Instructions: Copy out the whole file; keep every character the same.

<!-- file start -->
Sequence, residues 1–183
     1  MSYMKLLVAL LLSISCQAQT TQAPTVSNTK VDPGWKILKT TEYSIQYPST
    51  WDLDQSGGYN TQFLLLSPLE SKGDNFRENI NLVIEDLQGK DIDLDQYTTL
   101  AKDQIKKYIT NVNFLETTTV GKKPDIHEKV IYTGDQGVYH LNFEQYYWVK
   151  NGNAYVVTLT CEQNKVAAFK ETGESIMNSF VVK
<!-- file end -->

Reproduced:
Sequence, residues 1–183
     1  MSYMKLLVAL LLSISCQAQT TQAPTVSNTK VDPGWKILKT TEYSIQYPST
    51  WDLDQSGGYN TQFLLLSPLE SKGDNFRENI NLVIEDLQGK DIDLDQYTTL
   101  AKDQIKKYIT NVNFLETTTV GKKPDIHEKV IYTGDQGVYH LNFEQYYWVK
   151  NGNAYVVTLT CEQNKVAAFK ETGESIMNSF VVK